Businesses can reshape their future by adapting the workplace to attract and retain workers from the millennial generation.
Leverage the Millennial Mentality
Millennial workers encourage innovation and collaboration in ways that can challenge traditional workplaces. But enterprises that actively engage this generation report greater productivity and new approaches to overcoming business challenges.
The Millennial-minded customer wants you to listen. Simply filling out an online survey is not enough. Millennials not only want you to hear their opinions of your product, they want to be on your design team, tweak your supply chain, and possibly reorg your customer service division all in the name of helping you make and support a better product or service.
As disruptive and unorthodox as this thinking may be, forwardthinking companies that have come to understand this Millennial mindset say taking customer input to heart often does result in better products and services. Some industries such as consumer goods and retail are involving their customers in (often virtual) whiteboarding exercises and brainstorming sessions to develop designs, improve product feature sets, even create logos. Such crowdsourcing promotes stronger loyalty from a customer base with a sense of ownership that can spread marketing messages virally and build brand awareness.
While customer cocreation and crowdsourcing work with any engaged customer set, it's the Millennial consumer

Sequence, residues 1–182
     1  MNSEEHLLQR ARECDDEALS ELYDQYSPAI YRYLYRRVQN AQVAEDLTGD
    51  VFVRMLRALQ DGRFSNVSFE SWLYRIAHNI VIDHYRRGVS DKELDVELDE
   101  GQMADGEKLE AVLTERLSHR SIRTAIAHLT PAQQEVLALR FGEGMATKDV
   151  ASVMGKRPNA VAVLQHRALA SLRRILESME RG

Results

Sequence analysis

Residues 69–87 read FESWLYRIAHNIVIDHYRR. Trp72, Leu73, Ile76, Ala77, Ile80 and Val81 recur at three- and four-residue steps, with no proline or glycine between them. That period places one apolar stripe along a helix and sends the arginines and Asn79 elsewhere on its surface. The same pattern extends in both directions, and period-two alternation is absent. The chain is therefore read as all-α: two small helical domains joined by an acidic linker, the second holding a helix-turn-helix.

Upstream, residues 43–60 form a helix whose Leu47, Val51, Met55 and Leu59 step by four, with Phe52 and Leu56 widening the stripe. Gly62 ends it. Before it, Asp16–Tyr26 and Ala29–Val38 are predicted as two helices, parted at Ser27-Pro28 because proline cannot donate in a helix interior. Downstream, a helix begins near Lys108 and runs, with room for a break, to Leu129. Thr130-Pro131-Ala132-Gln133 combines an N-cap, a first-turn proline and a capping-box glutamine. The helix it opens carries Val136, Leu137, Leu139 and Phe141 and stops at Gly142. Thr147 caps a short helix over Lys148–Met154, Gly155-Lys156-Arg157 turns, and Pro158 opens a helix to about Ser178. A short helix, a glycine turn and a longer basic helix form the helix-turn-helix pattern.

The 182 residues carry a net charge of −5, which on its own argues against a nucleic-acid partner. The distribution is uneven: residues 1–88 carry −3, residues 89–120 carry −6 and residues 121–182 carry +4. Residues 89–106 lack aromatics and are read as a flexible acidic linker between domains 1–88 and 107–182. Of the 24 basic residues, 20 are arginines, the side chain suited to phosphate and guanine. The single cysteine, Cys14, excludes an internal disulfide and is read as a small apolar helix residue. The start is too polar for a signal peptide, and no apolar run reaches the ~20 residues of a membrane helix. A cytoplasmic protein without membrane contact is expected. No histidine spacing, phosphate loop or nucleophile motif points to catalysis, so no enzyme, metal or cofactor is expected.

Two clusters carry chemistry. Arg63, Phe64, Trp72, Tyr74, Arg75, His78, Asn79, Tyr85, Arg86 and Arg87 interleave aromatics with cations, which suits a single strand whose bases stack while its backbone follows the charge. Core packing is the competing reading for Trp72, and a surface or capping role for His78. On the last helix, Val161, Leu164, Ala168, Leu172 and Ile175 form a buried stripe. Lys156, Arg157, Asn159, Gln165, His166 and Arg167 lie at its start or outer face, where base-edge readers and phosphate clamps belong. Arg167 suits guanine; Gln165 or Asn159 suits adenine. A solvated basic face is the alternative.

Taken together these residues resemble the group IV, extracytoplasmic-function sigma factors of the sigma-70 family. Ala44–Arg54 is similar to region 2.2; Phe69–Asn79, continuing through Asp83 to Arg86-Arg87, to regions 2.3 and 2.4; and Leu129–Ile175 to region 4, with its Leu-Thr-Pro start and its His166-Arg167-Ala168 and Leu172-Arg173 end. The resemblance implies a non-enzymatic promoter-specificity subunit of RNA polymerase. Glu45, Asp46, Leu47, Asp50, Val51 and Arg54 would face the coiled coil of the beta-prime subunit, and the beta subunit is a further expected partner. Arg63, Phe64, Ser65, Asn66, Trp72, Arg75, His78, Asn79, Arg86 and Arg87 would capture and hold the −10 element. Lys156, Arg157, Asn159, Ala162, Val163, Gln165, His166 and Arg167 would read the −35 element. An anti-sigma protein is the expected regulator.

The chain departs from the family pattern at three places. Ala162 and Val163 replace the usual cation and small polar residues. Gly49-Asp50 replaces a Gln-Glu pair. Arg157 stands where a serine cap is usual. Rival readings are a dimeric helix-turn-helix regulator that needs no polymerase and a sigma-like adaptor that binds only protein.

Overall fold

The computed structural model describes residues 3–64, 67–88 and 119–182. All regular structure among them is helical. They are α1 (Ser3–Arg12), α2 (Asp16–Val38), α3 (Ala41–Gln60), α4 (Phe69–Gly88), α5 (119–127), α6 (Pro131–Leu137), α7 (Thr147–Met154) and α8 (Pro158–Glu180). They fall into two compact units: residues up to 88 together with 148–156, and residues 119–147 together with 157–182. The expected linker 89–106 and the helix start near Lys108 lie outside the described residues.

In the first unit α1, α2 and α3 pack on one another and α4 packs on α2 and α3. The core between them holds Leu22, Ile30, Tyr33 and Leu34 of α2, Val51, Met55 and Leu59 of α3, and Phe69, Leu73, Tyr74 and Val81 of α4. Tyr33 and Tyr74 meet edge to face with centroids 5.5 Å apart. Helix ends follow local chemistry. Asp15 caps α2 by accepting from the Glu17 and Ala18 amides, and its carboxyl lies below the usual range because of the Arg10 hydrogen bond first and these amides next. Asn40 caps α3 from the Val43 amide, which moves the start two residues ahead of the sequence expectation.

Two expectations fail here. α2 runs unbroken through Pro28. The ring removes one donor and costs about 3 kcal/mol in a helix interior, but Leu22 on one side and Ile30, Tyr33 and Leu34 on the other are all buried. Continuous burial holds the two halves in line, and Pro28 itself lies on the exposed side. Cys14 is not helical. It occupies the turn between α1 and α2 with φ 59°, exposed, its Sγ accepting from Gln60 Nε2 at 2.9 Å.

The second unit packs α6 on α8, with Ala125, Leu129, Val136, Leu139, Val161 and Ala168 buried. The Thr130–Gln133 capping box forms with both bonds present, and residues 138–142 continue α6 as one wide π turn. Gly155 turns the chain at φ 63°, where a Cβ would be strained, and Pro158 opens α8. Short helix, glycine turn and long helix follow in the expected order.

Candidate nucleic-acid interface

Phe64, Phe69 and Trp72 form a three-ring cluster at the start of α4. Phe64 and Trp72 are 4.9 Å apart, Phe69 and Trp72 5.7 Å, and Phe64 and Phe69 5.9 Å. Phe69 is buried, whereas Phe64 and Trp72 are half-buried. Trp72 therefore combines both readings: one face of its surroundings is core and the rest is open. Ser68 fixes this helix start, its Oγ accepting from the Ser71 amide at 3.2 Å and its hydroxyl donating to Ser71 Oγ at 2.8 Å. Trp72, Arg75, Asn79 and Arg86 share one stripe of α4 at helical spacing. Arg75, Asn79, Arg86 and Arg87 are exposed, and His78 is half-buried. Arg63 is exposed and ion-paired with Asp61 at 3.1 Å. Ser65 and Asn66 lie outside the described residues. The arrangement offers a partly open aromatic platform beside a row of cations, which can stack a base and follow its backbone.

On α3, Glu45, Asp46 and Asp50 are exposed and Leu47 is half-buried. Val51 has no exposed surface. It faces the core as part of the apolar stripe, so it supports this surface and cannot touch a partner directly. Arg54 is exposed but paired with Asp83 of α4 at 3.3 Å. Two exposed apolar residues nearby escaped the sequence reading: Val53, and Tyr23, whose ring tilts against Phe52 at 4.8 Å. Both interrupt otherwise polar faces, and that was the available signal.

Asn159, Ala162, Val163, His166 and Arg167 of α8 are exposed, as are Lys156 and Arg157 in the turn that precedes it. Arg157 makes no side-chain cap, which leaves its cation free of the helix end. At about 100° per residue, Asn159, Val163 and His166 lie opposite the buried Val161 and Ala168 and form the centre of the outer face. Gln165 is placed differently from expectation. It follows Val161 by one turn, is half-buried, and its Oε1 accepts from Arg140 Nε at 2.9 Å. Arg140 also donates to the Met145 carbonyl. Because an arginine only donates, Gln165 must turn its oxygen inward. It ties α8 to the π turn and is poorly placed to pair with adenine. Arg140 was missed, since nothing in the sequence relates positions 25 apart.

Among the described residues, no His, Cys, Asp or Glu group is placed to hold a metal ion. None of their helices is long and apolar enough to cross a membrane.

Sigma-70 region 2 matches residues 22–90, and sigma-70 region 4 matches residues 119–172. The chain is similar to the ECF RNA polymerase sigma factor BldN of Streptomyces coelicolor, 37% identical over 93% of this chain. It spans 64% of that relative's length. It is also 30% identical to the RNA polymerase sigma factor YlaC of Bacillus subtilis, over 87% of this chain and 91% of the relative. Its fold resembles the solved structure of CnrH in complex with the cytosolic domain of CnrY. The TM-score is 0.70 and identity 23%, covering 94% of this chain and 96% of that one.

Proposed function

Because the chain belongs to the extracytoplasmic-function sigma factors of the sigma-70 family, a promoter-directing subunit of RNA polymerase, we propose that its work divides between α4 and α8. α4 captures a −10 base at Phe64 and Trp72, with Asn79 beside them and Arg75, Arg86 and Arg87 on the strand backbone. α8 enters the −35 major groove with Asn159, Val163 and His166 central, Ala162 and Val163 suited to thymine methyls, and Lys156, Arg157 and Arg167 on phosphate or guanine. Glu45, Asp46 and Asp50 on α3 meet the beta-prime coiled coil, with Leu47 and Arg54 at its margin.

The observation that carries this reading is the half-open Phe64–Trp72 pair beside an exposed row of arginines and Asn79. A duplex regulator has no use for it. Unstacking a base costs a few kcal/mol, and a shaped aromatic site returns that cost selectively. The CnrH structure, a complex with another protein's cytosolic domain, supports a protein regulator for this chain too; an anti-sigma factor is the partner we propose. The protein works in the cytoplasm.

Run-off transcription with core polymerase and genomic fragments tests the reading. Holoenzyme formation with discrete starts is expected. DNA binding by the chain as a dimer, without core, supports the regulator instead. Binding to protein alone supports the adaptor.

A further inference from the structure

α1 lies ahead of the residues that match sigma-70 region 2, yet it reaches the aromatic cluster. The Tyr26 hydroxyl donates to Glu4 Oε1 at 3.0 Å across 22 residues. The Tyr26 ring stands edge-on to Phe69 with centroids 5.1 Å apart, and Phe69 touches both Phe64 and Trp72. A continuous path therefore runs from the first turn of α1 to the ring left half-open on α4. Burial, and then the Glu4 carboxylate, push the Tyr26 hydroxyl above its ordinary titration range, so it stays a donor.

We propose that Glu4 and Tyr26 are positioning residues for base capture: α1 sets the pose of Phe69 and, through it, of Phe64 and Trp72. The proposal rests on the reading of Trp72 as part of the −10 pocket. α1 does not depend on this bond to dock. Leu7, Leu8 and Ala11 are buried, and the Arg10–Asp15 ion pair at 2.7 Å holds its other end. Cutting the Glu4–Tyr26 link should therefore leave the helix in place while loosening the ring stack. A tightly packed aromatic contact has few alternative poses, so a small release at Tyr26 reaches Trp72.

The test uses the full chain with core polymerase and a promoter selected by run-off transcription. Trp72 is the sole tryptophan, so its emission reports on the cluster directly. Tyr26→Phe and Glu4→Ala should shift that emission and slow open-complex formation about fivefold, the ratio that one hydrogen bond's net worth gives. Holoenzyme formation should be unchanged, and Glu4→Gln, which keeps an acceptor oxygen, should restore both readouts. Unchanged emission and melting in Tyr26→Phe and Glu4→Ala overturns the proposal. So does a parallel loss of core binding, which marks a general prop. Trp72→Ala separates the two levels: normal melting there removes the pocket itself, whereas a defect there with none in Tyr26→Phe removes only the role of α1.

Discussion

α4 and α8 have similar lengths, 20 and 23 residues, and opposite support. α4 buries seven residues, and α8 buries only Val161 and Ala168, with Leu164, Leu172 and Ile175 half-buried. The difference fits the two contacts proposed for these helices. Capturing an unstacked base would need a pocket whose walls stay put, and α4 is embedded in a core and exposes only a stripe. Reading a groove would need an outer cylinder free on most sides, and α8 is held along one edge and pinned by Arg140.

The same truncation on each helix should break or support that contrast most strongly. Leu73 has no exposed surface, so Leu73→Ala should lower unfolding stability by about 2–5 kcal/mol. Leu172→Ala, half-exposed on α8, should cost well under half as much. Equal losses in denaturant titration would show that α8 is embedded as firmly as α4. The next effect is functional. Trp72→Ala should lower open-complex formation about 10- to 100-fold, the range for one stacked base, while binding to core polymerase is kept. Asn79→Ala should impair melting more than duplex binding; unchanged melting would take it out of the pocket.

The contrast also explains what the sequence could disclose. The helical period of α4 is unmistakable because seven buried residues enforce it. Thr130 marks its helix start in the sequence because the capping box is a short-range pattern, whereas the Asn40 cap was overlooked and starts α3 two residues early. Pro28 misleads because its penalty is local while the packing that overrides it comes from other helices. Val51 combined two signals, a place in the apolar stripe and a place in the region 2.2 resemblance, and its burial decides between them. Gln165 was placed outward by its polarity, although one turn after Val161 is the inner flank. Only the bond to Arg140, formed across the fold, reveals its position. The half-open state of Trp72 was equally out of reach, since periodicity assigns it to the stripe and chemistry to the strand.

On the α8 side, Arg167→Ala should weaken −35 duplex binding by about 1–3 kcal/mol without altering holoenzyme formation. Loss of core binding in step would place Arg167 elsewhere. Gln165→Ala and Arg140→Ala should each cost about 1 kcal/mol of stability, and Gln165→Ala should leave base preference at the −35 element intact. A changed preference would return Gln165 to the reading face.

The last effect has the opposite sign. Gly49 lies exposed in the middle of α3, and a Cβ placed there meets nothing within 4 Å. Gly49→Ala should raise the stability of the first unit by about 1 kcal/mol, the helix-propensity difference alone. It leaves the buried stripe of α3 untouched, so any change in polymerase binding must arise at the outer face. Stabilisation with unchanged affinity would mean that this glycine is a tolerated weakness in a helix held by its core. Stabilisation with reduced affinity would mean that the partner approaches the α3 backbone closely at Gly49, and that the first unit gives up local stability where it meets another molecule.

who speaks up most and loudest.
“Millennials ... are more willing to join in this cocreation process because more than other [age] groups, they want to be a part of, rather than a recipient of, experiences,” says Robert Isherwood, senior vice president and CTO with advertising agency 22Squared, which has a workforce that is predominantly under 30. “So instead of thinking about how you can accommodate Millennials, think about how you can engage them. Millennialsand increasingly other customersexpect a high level of personalization, customization, and delivery across a selfservice platform. Present them with the full range of opportunities and the real issues or tradeoffs, and then engage them in constant cocreation of new solutions or products.”
This is easier said than done. A recent CIO Quick Pulse poll reveals that only 6 percent of the 121 respondent companies have processes in place to enable customer cocreation of products and services. Relatively simple steps such as establishing online communities for capturing customer feedback and sharing experiences have not been considered by 31 percent of respondents.
What's holding back companies from getting the customer involved? There is still a predominant culture in many organizations that doesn't value an individual's input unless that person is an expert or experienced in a particular fieldparticularly during the research and development process, says Vishal Anand, a director with Cognizant's Consumer Goods business unit.
“There has to be some sort of enhancement in the understanding of how crowdsourcing can help during
the R&D process,” says Anand. But even then,there aren't prescribed steps for taking advantage of customer input. Sifting through customer input,organizing it, implementing approved ideas, and recognizing contributors all require new processes
to make the most of the information collected.
Nonetheless, organizations that have experimented with customer cocreation say it's well worth the effort. With the right input, companies can revamp their business processes so that this input leads to differentiated products and services, better market penetration, and the establishment of a valuable channel for new product ideas and existing product
For more information, read the white paper Tapping the Elusive Millennial Mindset or visit www.cognizant.com/futureofwork.